May 18 – July 18, 2022
May 18 – July 18, 2022
Garth Greenan Gallery is pleased to announce the gallery’s sixth online viewing room, Mario Martinez: New York Yaqui. Opening May 18, 2022, the exhibition will feature five of the artist’s intricate pencil, Prismacolor, charcoal, and oil pastel works.
While rigorously abstract, the artist’s compositions are frequently characterized by a unique comingling of urban and organic elements. In Imaginary Brooklyn Flowerscape (2014), hard, angular structures are interrupted by curving, flowing forms. Large swaths of grayscale—befitting of a cityscape—are flooded with more bucolic purples, greens, yellows, and blues.
A great admirer of the New York School and Abstract Expressionists, Martinez’s canvases are remarkable for their turbulent painted surfaces that recall those of Gorky or de Kooning. Here, the artist’s impulse is channeled into his exuberant use of pastels. Floral shapes hint at the pre-Christian Yaqui concept of sea ania, or the flower world: a beautiful, ever-present parallel reality. Within this and other works, the hectic city is nestled within the cosmos and nature, to which it ultimately belongs.
While he avoids direct references to Yaqui traditions, cryptic allusions permeate his work. “I know people expect figuration from Natives,” the artist says, noting that abstraction itself has “been in Indian and Indigenous cultures forever.” In Reflections, Late 1960's (2020), the artist’s prismatic use of color evokes sunlight, sky, and water. Traditional Yaqui patterns emerge only fleetingly. Despite the influence of Spanish Jesuits in the 16th century, Yaqui religion maintained a deep, foundational reverence for nature that is detectable in many of the artist’s works.
“Our most ancient spiritual and ceremonial traditions honor the earth and the heavens,” says Martinez.
In Fanciful New Terrain (2020), Martinez reveals his art historical familiarity. Framed in a small, square patch of cloud blue pastel, an abstract form evokes Picasso’s cubism. Another, to its right, recalls Boccioni’s Unique Forms of Continuity in Space. The 20th century’s infatuation with modernity reached its apogee in Italian Futurists, like Boccioni—who sought to make their rupture from the past complete—and in the disastrous forays into fascism that followed. While Martinez’s compositions often contain some of the tempestous energy of modernism, the artist seems to sidestep its more torturous elements—its disorientation, alienation, and remotness from the past.
“I’m part of a 40,000-year tradition,” Martinez says of his practice, which comfortably integrates pre- and post-colonial painting traditions.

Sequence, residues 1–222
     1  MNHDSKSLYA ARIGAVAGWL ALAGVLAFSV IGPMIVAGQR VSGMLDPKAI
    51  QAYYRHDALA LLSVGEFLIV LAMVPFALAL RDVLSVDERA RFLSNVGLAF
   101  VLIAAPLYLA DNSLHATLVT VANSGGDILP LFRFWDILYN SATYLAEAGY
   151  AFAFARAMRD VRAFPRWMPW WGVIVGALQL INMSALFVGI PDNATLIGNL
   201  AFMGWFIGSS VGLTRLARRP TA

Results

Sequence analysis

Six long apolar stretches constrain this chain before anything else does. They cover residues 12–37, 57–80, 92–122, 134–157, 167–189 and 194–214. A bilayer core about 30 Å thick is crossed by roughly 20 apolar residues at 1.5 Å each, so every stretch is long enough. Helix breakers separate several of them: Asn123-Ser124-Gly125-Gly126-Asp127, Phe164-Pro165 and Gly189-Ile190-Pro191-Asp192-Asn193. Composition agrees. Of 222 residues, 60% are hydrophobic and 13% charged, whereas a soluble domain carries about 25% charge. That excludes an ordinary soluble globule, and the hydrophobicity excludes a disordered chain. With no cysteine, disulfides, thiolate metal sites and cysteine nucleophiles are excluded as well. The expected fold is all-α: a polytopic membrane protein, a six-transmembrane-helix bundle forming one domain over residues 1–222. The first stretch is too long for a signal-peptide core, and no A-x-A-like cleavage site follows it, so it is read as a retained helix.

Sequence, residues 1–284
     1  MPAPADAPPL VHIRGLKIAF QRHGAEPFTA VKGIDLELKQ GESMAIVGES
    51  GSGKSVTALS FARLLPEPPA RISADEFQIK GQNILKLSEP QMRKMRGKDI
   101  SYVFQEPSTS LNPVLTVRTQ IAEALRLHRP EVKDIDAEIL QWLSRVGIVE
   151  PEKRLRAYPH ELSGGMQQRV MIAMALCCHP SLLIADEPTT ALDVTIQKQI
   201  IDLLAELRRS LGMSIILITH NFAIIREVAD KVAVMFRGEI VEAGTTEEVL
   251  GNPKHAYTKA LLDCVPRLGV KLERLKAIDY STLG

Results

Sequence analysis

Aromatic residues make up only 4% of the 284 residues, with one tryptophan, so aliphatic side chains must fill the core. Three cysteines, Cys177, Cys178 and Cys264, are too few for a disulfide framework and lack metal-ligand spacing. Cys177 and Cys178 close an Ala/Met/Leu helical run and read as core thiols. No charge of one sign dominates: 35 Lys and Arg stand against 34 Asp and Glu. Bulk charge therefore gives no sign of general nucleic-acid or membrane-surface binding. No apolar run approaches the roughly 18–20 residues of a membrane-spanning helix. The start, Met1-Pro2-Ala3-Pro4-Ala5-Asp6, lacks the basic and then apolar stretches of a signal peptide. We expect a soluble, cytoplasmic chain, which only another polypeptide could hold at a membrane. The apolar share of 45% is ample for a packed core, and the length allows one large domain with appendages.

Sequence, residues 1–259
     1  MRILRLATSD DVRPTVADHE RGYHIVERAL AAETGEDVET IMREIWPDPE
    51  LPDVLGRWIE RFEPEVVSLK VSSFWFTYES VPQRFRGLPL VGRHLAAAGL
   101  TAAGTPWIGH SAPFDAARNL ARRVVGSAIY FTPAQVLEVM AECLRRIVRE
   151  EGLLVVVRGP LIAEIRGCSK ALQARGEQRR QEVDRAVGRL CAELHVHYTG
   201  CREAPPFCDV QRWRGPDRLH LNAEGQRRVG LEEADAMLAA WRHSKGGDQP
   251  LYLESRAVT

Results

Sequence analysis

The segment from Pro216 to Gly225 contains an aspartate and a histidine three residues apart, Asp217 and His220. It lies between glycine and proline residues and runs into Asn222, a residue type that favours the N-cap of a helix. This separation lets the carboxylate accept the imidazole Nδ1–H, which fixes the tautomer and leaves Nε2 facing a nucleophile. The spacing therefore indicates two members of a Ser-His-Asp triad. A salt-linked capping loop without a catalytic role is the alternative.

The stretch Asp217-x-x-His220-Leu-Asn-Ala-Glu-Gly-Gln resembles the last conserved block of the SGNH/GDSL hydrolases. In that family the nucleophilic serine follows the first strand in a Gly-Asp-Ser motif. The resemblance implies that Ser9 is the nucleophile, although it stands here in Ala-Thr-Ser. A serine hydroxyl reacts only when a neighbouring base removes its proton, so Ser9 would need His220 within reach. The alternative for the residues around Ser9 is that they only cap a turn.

Born in 1953 in Penjamo village, a Yaqui settlement in Scottsdale, Arizona, Mario Martinez is an enrolled member of the Pascua Yaqui Tribe of Arizona. He received his BFA from the School of Art, Arizona State University in 1979, and an MFA from the San Francisco Art Institute in 1985.
Since 1991, Mario Martinez’s work has appeared in over 48 solo and group exhibitions at prestigious venues, such as the Denver Art Museum (1995, 1998), the Montclair Art Museum (2018–2020), and the Eiteljorg Museum (2015–2016, 2017–2018, Indianapolis). In 2005, he was the subject of a major mid-career retrospective at the Smithsonian Institution's National Museum of the American Indian (New York). He has received numerous grants and awards, including a Native Arts Research Fellowship, (1998, National Museum of the American Indian); an Artist in Residence Fellowship (2001–2002, National Museum of the American Indian); a Joan Mitchell Foundation CALL Grant (2013–2014); a Robert Rauschenberg Foundation Residency (2014–2015); and the Murray Reich Distinguished Artist Award (2017, New York Foundation for the Arts). Martinez’s work is featured in the collections of numerous museums and institutions across the country, such as the Museum of Contemporary Native American Art (Santa Fe); the Eiteljorg Museum (Indianapolis); the Smithsonian National Museum of the American Indian (Washington, D.C.); the John D. and Catherine T. MacArthur Foundation (Chicago); and the Heard Museum (Phoenix), among others.
Garth Greenan Gallery is pleased to represent Mario Martinez.
Mario Martinez: New York Yaqui will be available to view online through July 18, 2022. For more information, please contact Garth Greenan at (212) 929-1351, or email firstname.lastname@example.org.